Now that the holiday season is behind us, EagleBlogger is back from hiatus. However, that doesn’t mean the Pratt & Whitney F135 engine program has taken a break, far from it.
In fact, just in time for the holiday season, Pratt & Whitney has delivered its final Conventional Take Off and Landing/Carrier Variant (CTOL/CV) F135 flight test engine to the U.S. Air Force. This marks yet another important milestone in the transition from System Design and Demonstration to full production for the F135 engine. Pratt & Whitney has delivered 17 F135 flight test engines and expects handing over of the final Short Take Off Vertical Landing (STOVL) test engine early this year, for a total delivery of 18 flight test engines – still the only propulsion system powering the F-35 Lightning II flight test program.
And as another illustration of this transition from SDD to production, Pratt & Whitney finished assembly and test last month of the first F135 engine production line at their facility in Middletown, Connecticut.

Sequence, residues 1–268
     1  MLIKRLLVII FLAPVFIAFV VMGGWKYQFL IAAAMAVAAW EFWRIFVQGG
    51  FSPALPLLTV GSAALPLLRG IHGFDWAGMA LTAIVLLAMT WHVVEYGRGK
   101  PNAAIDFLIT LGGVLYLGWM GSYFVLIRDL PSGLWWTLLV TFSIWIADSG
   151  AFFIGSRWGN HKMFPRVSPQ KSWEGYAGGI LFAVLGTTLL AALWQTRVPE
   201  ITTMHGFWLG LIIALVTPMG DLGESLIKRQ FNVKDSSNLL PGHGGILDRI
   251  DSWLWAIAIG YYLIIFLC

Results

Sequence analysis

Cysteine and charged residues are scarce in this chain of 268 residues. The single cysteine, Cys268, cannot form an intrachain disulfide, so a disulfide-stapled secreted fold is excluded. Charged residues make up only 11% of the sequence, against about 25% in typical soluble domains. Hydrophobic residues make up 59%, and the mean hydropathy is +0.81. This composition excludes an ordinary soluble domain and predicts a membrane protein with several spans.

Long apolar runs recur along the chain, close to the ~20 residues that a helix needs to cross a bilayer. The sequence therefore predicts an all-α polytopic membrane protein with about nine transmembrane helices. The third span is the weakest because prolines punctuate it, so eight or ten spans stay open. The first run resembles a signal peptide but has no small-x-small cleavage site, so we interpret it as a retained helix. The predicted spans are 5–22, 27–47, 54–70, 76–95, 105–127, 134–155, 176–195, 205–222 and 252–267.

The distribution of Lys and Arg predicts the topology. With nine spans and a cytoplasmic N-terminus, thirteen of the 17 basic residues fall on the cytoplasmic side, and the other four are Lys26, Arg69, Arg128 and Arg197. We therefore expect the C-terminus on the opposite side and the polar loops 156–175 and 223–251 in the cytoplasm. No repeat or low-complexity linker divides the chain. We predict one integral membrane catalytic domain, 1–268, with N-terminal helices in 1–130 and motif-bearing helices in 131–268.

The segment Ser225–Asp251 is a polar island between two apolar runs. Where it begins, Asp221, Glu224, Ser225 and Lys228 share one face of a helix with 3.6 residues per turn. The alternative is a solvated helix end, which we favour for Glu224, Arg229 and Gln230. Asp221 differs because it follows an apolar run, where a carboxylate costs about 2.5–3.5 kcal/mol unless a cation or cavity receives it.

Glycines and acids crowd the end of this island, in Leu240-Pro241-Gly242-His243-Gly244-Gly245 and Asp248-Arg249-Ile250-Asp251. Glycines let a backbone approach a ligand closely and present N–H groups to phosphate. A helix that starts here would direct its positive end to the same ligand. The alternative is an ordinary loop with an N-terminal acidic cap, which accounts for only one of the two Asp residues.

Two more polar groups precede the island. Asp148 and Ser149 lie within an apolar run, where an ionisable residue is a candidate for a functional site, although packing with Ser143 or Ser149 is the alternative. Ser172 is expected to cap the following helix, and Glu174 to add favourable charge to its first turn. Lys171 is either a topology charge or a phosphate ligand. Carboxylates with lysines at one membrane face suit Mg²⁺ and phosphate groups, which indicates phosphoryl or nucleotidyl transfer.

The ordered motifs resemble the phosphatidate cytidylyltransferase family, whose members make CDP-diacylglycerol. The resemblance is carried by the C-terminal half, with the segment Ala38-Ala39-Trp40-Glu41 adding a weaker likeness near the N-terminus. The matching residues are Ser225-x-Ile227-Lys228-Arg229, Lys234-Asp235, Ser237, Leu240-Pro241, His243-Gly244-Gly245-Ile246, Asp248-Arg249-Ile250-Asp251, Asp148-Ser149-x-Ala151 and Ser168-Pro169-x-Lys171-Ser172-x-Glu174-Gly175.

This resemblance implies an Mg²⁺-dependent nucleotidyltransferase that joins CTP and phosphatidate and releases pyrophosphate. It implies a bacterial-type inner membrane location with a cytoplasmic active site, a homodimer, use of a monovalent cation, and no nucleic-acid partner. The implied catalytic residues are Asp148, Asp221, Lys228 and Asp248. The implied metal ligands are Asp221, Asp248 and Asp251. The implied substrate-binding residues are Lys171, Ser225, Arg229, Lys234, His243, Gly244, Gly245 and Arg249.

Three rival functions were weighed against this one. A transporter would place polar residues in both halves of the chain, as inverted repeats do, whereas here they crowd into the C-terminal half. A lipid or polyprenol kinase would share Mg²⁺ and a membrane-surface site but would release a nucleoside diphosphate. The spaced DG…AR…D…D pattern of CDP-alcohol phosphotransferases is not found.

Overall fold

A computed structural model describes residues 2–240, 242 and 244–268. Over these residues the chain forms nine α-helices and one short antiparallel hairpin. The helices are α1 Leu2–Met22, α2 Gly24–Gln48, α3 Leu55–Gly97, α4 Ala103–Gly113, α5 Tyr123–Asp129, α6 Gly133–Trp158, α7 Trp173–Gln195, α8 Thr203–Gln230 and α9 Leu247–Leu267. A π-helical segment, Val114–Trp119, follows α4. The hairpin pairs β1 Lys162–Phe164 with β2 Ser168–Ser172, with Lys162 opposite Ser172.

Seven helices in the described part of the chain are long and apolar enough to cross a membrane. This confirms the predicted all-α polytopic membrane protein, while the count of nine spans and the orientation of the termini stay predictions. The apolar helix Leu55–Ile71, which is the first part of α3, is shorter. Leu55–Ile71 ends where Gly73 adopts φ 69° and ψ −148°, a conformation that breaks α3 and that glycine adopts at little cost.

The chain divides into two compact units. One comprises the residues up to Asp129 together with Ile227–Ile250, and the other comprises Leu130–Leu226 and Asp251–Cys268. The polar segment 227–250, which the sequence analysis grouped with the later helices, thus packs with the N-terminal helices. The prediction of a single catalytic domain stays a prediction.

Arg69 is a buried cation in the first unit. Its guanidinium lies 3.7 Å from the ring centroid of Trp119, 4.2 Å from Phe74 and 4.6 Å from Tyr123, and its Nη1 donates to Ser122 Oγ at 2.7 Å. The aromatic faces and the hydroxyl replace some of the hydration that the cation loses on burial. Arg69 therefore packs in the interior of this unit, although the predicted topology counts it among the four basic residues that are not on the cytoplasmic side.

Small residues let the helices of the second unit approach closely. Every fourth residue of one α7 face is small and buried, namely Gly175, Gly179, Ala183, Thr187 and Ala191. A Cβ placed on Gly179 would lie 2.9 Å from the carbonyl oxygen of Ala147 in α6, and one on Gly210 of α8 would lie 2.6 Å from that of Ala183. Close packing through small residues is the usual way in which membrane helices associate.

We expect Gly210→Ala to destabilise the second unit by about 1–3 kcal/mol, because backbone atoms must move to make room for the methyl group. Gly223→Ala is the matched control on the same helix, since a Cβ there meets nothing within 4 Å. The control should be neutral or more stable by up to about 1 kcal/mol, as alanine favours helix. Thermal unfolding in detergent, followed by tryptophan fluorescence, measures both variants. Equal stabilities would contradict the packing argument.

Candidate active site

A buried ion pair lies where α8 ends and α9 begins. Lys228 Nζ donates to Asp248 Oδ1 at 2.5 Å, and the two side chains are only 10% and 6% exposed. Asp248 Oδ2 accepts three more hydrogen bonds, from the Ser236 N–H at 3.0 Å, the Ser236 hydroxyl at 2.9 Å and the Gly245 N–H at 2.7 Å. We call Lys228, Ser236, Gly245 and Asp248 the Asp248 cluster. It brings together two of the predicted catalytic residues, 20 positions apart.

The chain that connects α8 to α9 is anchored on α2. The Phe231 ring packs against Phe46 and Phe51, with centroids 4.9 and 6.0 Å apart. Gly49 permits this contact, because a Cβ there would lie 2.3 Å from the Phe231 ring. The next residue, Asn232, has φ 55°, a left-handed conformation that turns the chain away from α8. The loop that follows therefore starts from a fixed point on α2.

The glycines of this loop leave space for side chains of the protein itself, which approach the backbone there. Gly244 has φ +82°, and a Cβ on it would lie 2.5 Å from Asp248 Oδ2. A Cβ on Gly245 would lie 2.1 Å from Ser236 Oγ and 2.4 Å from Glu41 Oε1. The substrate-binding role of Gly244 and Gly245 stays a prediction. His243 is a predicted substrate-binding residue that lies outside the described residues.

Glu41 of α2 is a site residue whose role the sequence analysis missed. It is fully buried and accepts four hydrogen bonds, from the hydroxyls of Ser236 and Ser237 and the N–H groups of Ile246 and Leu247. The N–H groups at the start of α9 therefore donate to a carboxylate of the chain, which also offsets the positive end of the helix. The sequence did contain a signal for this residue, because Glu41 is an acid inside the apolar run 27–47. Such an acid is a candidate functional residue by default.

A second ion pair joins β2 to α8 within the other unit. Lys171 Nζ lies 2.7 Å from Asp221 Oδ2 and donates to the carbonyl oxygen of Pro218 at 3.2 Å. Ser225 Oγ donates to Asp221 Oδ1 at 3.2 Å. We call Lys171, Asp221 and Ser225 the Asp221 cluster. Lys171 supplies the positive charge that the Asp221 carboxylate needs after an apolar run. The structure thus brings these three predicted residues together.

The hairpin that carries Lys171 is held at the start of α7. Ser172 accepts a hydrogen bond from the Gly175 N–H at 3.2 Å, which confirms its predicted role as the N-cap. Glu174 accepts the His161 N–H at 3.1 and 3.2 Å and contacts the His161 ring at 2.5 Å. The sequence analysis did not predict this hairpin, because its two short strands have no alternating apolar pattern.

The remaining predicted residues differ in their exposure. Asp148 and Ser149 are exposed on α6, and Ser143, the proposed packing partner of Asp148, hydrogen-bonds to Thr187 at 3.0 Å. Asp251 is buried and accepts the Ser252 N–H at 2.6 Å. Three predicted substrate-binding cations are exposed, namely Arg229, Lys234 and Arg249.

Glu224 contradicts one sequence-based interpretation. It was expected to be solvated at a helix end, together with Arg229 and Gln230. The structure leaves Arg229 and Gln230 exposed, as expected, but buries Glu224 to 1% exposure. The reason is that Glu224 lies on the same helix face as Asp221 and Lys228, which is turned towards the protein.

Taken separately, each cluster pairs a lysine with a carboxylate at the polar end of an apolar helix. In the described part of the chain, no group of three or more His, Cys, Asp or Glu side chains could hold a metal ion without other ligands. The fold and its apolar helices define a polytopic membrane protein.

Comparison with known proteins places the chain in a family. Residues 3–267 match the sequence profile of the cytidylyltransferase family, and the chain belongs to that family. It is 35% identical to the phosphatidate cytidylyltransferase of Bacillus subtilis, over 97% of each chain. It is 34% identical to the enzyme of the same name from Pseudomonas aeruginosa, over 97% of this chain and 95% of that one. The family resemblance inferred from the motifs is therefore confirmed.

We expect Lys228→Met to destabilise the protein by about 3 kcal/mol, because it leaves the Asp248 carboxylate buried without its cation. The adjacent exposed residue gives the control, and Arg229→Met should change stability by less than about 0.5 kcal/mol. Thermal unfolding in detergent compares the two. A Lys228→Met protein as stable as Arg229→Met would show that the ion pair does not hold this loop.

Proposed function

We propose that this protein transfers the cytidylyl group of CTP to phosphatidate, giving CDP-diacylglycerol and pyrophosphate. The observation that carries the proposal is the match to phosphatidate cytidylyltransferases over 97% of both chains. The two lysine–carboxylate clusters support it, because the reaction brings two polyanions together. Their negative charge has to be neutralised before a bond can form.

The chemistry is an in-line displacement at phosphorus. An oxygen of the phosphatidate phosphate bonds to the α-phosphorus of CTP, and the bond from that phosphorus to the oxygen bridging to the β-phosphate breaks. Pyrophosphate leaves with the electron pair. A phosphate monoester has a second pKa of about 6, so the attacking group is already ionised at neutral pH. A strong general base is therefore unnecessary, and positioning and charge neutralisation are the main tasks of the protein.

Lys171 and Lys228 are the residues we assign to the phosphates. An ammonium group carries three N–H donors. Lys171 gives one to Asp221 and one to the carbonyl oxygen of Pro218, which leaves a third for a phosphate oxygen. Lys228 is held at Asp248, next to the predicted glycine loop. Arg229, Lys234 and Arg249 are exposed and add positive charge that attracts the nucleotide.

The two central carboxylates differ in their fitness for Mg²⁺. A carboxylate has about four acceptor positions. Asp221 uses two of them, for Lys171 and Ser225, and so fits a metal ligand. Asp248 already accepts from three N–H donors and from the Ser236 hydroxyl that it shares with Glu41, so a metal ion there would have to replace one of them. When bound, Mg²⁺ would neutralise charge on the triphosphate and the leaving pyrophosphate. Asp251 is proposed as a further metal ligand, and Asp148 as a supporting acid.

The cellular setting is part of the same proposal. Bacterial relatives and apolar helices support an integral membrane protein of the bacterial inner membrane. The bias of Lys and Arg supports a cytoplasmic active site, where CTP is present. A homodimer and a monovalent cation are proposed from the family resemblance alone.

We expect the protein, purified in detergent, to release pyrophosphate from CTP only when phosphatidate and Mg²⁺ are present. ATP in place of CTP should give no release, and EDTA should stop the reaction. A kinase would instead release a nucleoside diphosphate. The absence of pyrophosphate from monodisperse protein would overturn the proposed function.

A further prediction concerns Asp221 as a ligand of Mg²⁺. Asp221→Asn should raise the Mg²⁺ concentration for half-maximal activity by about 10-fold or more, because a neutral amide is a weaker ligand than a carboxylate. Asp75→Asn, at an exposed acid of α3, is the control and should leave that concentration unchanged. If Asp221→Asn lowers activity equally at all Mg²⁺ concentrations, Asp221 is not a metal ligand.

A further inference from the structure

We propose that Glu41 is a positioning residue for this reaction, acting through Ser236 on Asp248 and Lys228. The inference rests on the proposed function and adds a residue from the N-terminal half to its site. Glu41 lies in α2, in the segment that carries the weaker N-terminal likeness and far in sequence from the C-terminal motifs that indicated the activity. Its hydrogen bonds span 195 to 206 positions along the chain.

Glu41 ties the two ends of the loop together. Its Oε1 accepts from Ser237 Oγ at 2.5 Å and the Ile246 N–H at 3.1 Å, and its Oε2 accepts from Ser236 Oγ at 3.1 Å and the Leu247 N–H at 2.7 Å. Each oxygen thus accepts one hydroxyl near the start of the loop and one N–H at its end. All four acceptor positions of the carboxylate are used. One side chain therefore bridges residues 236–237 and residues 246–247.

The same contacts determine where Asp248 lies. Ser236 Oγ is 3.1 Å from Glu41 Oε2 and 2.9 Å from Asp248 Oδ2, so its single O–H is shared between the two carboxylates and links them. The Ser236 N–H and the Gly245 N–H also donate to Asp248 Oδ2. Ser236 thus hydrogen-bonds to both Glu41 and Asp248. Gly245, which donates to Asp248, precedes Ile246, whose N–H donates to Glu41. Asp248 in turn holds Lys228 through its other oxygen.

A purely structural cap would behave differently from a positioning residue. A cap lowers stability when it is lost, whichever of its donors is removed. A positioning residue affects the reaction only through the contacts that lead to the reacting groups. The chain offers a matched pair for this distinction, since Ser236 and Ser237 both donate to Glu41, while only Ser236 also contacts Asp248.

Best practices gleaned from the F-22 Raptor’s F119 engine production line were refined further in the design of the F135 production line. Despite Pratt & Whitney’s undisputed status as the world’s only manufacturer of fifth generation propulsion systems, it invested more than a year planning the first F135 line, leveraging tools from the company’s Achieving Competitive Excellence operating system to maximize integration, efficiency and safety in the years to come. This assembly line will redefine “world class” once operational, powering not just an aircraft, but also the defense of this nation and numerous allies for decades to come.
Meanwhile, the F135 has logged more than 13,000 test hours, powered a non-stop ferry flight from Ft. Worth to the Patuxent River, Maryland flight test location, and just yesterday powered the F-35 through its first in-flight engagement of the STOVL Lift Fan propulsion system.